By: Carlos Garcia
From remote sensing technologies to delicious arepas to craftful digital art, Latino-owned businesses (LOBs) are making their mark in the United States. Despite facing challenges such as high-interest rates and the increasing cost-of-living, LOBs are successfully adapting digital models to their operations and transforming their businesses. However, a significant obstacle remains in their path to financial viability. While LOBs contribute significantly to the US economy, accounting for one in four small businesses (4.65 million businesses), employing 1 million workers, and $800 billion in annual payroll, LOB owners still face a deficit in capital access and fringe benefits like retirement plans and health insurance. While the solutions and products are out there, the lack of education on how these products work and how they can improve financial health for LOBs and their employees persist.
As we reel from the consequences of the COVID-19 pandemic, the significance of retirement funds and health care insurance has become even more evident. As such, a 2021 Morningstar report suggested, 69% of Latinos have no retirement plans through their employers and only 8% have savings from an alternate private investment plan.
There are many reasons behind these disparities, but two significant factors are the lack of financial literacy and language barriers among U.S. Latinos. Only 28% of Hispanic Americans have “high financial literacy” compared to 43% for white Americans. Both the financial literacy and language-access gaps Latinos face are concerning as they prohibit them from understanding the many options available to them that can provide a safety net for themselves and their families. For far too many Hispanic Americans their retirement funds and medical payments come from their own personal finances. The 2022 Stanford University report also suggested that Latinos were more likely to tap into their personal savings and max out on credit cards and their home equity in order to weather the pandemic. Oftentimes the lack of access and awareness can lead Latinos to not invest and spend any available cash in-flow on emergencies. Consequently, 17% of LOBs have reported that their employees are leaving in search for better compensation or benefits.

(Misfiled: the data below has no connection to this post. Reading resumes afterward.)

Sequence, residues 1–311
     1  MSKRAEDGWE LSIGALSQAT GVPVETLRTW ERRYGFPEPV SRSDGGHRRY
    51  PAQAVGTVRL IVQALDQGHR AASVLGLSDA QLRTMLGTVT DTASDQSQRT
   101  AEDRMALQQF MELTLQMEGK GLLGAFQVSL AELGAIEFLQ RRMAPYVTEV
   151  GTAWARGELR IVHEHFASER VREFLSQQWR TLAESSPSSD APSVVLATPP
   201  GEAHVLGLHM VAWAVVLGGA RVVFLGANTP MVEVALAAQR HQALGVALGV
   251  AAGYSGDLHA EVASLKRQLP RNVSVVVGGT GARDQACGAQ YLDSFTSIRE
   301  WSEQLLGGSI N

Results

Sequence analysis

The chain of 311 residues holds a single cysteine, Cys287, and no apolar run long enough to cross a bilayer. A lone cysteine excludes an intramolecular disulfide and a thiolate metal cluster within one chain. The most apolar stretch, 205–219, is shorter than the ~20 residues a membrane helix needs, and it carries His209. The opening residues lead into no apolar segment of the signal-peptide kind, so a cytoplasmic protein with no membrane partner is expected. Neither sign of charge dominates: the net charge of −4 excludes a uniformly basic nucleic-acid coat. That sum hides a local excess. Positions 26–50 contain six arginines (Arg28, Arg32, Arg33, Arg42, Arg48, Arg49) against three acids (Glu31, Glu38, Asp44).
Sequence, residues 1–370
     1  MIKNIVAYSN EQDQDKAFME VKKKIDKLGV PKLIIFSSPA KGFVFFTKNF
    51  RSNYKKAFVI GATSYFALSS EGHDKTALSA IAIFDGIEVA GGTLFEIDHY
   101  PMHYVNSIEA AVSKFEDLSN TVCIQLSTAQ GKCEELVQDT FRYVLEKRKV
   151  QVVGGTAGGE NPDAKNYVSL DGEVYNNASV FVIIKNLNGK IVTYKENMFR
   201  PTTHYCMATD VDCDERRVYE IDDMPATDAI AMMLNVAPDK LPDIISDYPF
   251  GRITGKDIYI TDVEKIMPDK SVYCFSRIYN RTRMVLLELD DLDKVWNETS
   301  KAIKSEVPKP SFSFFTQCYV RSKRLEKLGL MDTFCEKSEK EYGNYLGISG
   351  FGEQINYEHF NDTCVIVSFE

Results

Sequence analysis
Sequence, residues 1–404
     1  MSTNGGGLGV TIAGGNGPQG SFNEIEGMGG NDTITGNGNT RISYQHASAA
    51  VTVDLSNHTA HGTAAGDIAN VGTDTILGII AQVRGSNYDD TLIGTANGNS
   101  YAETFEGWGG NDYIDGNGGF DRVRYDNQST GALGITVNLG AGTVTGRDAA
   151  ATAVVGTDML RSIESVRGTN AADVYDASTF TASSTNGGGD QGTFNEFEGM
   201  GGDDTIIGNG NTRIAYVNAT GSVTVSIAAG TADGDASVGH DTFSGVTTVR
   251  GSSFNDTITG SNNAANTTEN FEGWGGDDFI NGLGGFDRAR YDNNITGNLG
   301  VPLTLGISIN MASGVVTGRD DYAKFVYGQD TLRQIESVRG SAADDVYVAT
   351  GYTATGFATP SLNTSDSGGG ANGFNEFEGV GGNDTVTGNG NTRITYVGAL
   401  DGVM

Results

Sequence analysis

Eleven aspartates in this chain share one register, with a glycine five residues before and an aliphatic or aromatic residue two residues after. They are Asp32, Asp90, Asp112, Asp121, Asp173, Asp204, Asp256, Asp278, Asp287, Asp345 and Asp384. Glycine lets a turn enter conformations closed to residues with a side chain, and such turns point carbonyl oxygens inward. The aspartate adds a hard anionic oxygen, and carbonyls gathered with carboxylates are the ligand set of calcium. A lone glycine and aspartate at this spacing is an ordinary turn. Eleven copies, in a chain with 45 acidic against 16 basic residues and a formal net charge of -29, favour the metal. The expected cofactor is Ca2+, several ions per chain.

The moment has met us. The private sector can no longer overlook Latino entrepreneurs and business owners. Latinos are not saving for retirement or are voluntarily uninsured because they lack interest rather because they lack equitable and accessible information on these products. Right now we have an opportunity to enhance the way we reach LOBs. Turning a blind-eye and putting the responsibility on business owners to learn these tools that contain complex jargon is a harm to them and their financial viability. Cultivating and investing in educational tools such as improving financial literacy and breaking language barriers will significantly improve the financial wellness of the Latino workforce. If we close the economic gap between LOBs and their counterparts, they could add an estimated $1.4 trillion to the economy.
At Finhabits we are doing just that. We have expanded our financial services, such as Finhabits 401k plans, designed to offer LOBs and their workers bilingual, affordable, and accessible solutions. This expansion stems from understanding the community and comprehending that LOBs view their workers as an extension of their family. Our plans are aimed to help LOB owners not only build economic security for their future but also for their employees, their extended family.
We need to refocus our attention on how to make these financial wellness tools accessible to LOBs, not only through simply offering them but fortifying the learning and comprehension of these products. By ensuring that Latino entrepreneurs and business owners are experts on accessing capital, saving for retirement, and being insured, they will be able to successfully acquire, retain, and grow their business, becoming as competitive as their non-LOB counterparts.